Crain is also taking measures to provide better technology and facilities for students.

    “I also want to ensure we are providing the tools that our people need to better serve our students: technology and physical facilities play key roles,” said Crain. “For example, we are in the early stages of implementing a new ERP, enterprise resource planning, system to replace PeopleSoft. ERP system implementations are expensive and time consuming, but once in place, I am confident this new system will serve our students much better and make the work of our faculty and staff easier and more efficient.”

    Aware of the maintenance issues and lack of funding for them, Crain is looking for new ways to better maintain university facilities.

    “Years of state budget challenges have taken a toll on some of the campus physical infrastructure,” said Crain. “We’re looking at some new methodologies that we hope will allow us to better utilize our limited deferred maintenance funds so that they will make a more significant and meaningful impact.”
    Crain recognizes the value of the university’s faculty and hopes to better develop them via merit raises and solving facility and technology issues.

    I also want to support additional opportunities for meaningful professional development for our faculty as well as professional staff,” said Crain. “We’ve made good progress recently in recruiting talented new faculty, particularly in growing programs, and I’d like to continue these efforts.”
    Crain recognizes the improvements made due to recently presented scholarship opportunities and hopes to continue these in the future.

    “We did introduce some enhancements to academic scholarships this year, and that has been well received by prospective new students,” said Crain. “Our University Advancement Division has had significant success in raising funds for additional scholarships. One example was the recent 10 million dollar bequest for endowed scholarships. We will continue to work hard to engage our alumni and other friends and supporters of the university with the goal of continuing to increase endowment funds that support scholarships and academic programs.”

    However, finances are also important to Crain as he strives to continuously improve the university’s financial stability.

    “Beyond that, I’m interested in continuing to strengthen the university’s financial position,” said Crain. “Historically, public universities have depended on stable or growing state support to help ensure overall financial stability,” said Crain. “We operate in a new environment where we have to be much more cognizant of and responsive to market forces: enrollment shifts and other factors that impact our financial position.”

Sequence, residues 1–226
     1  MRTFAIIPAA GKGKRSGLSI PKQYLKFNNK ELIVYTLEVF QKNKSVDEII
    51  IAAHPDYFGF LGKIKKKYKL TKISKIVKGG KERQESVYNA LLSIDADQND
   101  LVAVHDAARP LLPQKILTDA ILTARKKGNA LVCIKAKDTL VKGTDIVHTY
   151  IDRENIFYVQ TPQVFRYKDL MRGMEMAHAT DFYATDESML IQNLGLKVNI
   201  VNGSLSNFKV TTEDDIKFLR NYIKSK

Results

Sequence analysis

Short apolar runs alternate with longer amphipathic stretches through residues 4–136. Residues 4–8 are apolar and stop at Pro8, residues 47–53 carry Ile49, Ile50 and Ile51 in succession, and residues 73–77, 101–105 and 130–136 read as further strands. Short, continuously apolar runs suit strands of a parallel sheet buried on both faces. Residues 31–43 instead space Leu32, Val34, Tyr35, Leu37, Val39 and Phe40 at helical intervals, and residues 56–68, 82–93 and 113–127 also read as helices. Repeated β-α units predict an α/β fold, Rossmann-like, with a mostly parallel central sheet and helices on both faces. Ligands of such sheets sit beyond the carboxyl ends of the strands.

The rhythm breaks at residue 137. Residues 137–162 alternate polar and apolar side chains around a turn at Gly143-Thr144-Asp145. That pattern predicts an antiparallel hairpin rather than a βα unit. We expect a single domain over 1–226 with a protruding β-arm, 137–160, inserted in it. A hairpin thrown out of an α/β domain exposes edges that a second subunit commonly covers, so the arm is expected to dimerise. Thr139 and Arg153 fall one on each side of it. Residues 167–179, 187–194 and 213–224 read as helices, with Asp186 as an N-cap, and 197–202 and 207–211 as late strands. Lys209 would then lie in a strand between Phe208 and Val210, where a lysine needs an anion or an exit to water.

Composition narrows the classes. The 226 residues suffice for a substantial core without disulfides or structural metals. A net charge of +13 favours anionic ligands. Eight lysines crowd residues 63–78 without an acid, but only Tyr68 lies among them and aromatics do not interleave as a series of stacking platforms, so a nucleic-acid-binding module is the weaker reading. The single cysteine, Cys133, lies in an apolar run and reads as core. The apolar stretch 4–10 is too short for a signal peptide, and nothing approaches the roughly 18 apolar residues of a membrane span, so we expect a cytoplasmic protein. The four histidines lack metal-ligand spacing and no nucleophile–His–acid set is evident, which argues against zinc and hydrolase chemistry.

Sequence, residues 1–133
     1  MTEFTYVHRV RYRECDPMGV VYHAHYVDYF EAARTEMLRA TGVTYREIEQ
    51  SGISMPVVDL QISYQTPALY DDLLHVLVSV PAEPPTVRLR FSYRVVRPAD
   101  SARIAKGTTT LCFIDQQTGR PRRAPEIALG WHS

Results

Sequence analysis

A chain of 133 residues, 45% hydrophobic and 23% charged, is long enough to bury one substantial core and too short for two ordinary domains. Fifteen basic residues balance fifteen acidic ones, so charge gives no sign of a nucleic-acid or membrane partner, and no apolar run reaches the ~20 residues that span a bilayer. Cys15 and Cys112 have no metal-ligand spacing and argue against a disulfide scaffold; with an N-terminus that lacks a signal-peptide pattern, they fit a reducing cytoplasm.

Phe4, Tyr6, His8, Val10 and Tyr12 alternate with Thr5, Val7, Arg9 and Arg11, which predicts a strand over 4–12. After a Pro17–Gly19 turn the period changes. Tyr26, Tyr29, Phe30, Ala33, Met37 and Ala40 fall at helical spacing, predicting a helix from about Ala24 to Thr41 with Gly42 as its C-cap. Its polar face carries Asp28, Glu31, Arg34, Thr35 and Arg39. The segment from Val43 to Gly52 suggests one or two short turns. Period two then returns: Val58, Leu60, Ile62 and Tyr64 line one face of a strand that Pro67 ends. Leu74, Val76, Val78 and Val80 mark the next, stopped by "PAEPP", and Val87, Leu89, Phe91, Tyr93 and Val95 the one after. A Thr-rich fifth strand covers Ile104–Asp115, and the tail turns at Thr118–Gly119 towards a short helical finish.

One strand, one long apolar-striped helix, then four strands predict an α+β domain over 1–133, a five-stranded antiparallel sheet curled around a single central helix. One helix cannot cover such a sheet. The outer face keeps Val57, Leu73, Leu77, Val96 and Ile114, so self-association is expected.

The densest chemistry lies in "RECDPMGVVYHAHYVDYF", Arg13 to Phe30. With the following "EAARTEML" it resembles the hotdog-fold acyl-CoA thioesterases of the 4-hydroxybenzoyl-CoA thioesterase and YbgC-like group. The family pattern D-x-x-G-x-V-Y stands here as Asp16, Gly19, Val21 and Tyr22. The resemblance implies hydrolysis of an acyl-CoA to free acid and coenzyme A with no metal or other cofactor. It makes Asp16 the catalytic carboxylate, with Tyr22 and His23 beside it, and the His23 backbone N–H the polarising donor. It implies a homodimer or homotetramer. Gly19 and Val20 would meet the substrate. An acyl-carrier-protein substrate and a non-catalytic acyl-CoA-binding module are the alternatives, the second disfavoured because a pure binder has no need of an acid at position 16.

Crain’s personal goals for 2018 include better socializing with students.

    There are so many diverse demands on university presidents, spanning everything from communicating with legislators and other elected officials to working with accreditors, regulators, alumni and donors,” said Crain. “As a result, it’s hard to always find adequate time for meaningful interaction with individual students. Many years ago, I chose a career in higher education because I found great satisfaction in seeing my students grow, evolve and achieve personal success. It’s one of the things I miss most from my days as a faculty member. One of my personal goals is to find more time to interact with students.”

    Crain hopes to continue developing the university in various aspects during his time as university president.

    “There are numerous good things happening at our university, and I feel we have a lot of momentum moving things in a positive direction,” said Dr. Crain. “We’ve experienced successes in enrollment, student academic achievement, academic program development, athletics and fund raising. I want to do everything possible to keep the positive momentum going.”

    University President Dr. John L. Crain feels it is hard to find time to connect with students but hopes to be able to change that in 2018. File Photo/The Lion's Roar


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    Annie Goodman
    Annie Goodman, Editor-in-Chief